I’m spending the summer trying out the Zettelkasten method How To Take Smart Notes: 10 Principles to Revolutionize Your Note-Taking and Writing indexing my notes. I’m not so interested in randomizing messages through a serial number—that just sounds like too much of a headache. Still, Tag Conventions, search, and Sedaris-y seasonality will probably do it for me. That way, I can compare notes. Really it’s so that I can create an index of my notebooks and my reading notes and marginalia to sort through and warm up.
Other than that, I’ll be submitting my memoir to agents and an excerpt to magazines and journals.
We’ll all be back to school in the fall, which means short posts perhaps daily and something new to the podcasting world, I believe. Still, you’ll have to subscribe to my newsletter to get a sneak preview of that.
I knew Matt Fraction had been working on this for a while with the Dodsons, but since he’s largely left the public internet and I completely missed this even came out. So when I saw the hardcover at my local comic book store, I was like: Wow, this came out?
It was, of course, a pleasant surprise. What I liked most about this was the size of the book. The hardcover, which you can’t tell here, is the size of a coffee table. It’s a coffee table book with widescreen pages that force you to look at all the fantastic Terry Dodson art.
Just look at the size of the pages. My favorite part of the series is the family dinners. The description of those pages recalls my family. We’re loud, constantly talking over each other, interrupting, and we’re all characters.
The other thing I kept gravitating to while thinking about the comics writers is how they’re like film directors. Morrison is kind of the modern equivalent of Stanley Kubrick; Fraction is like Tarantino because he loves to reference things from the past, Vaughan is like Spielberg because of his diverse interests and storytelling sensibilities are rooted in character. Paper Girls is very much an ETish story without budgetary constraints.
Adventureman is a fun callback to pulp adventure films and stories like Doc Savage, Flash Gordon, the Shadow, and Green Hornet mixed with a little bit of Lovecraft. It’s big and bombastic, and the pages reflect as such. Also, it’s not technically about a “man” it’s about a woman.
I started reading this book to my four-year-old because he saw that one of the trades featured dinosaurs, so of course, he wanted to read it. After reading the whole thing, I couldn’t help but try to figure out why Vaughan is my favorite comic book writer.
It’s simplicity. BKV never tries to do something that is structurally from left-field. It’s also character: these girls are tough, and fall in love, just like adults. He makes these five 12-year-old girls like adults. They swear every page, and they stand up to boys. Just check out these pages—you know that these girls are badasses.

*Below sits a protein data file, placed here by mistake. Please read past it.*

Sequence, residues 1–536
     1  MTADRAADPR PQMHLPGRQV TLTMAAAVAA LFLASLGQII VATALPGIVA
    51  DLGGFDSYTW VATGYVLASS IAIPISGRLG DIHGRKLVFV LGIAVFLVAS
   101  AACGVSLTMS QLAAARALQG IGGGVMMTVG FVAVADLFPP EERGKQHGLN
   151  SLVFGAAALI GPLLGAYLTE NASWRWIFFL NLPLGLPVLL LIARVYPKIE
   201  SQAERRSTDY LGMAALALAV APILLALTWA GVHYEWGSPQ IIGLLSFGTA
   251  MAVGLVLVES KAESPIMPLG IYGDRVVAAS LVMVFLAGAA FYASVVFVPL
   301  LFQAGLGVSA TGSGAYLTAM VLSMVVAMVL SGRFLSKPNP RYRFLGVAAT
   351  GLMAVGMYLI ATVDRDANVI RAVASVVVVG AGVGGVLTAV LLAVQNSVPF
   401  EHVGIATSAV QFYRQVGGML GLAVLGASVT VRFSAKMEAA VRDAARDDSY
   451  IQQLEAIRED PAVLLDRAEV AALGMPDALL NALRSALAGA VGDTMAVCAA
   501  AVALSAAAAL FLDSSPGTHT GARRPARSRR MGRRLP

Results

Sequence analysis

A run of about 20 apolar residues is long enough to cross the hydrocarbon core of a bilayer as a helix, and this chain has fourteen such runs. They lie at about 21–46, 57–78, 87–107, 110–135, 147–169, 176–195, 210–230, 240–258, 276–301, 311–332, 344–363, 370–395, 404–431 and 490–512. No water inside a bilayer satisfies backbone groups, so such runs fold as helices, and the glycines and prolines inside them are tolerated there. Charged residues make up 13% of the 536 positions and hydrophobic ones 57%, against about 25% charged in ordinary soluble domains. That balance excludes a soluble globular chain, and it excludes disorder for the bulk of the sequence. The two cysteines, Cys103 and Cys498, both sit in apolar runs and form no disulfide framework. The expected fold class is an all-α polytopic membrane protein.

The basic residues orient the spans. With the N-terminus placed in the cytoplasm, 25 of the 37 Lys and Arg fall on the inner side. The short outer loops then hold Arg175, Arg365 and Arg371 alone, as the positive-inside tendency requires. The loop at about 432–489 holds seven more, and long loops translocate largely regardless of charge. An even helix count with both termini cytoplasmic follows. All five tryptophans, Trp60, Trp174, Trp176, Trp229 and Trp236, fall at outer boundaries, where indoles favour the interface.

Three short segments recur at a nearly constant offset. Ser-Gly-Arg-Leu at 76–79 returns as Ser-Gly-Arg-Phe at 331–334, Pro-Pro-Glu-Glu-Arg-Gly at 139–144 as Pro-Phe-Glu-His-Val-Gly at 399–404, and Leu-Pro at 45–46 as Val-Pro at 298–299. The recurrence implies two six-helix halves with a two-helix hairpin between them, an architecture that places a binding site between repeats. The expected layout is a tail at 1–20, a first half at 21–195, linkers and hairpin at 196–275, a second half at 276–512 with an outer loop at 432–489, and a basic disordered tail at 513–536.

He’s a master of the page turn and cliffhanger. I don’t think there’s anyone better at a cliffhanger than him—that is his actual selling point—he forces you to get the next issue in a way that no other writer in comics does nearly as well. How does he do it? He roots the cliffhanger in character, not the shock factor of something happening off-panel. He always teases that shocking thing in the panel that forces you to turn the page or get to the next issue. Here’s one of my favorites:
That comes down to two things: he’s great with working with the artists he collaborates with (Cliff Chiang—in this case), and he’s excellent with character, revealed in emotion and dialogue. He is proving that what makes Brian K. Vaughan great is simplicity. Less is more in comics, and Vaughan is the best at it. He’s not trying to wow you with crazy ideas (though they are pretty out there, just look at some of the characters in SAGA), or complete panel, plot structure like Fraction and Morrison that can sometimes alienate readers. Here are some of my favorite pages from the series. Including an example of interaction at the end of the series that doubles as a character difference showing growth for Mac. She is a little more careful with her attitude, which frequently gets her into trouble throughout the series.
BKV also has a keen eye for what works in comics as a cousin to film, and Chiang just nails it. Also from the last issue:
There’s a lot to unpack here about this book, but it’s been an absolute best thing about 2021 so far is William Irvine’s work on Stoicism, from his meditation series on Sam Harris’s Waking Up application to this book. It’s allowed me to construct a frame—or a comic book panel on every page of the last two years since my diagnosis and everything that has happened from the pandemic to my house that features three other people who need me to be well. It’s safe to say that I don’t know where I would be physically or mentally if it weren’t for Irvine’s work.